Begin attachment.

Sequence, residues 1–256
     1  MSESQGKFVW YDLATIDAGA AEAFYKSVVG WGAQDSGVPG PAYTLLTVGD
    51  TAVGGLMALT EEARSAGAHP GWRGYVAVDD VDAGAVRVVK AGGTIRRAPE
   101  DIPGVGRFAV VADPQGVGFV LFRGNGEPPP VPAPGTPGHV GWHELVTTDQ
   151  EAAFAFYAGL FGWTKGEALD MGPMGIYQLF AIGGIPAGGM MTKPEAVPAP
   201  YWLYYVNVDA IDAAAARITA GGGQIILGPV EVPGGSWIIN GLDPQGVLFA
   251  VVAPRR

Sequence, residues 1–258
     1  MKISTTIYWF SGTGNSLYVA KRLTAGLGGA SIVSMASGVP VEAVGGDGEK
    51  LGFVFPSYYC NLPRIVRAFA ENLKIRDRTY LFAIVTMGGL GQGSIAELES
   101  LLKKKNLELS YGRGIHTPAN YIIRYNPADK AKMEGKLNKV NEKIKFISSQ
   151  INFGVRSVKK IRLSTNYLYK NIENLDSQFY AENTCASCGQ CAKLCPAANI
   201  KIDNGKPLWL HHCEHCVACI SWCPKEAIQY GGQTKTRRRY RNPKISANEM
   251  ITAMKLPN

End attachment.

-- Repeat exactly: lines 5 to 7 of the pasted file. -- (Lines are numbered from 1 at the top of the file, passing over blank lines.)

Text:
   151  EAAFAFYAGL FGWTKGEALD MGPMGIYQLF AIGGIPAGGM MTKPEAVPAP
   201  YWLYYVNVDA IDAAAARITA GGGQIILGPV EVPGGSWIIN GLDPQGVLFA
   251  VVAPRR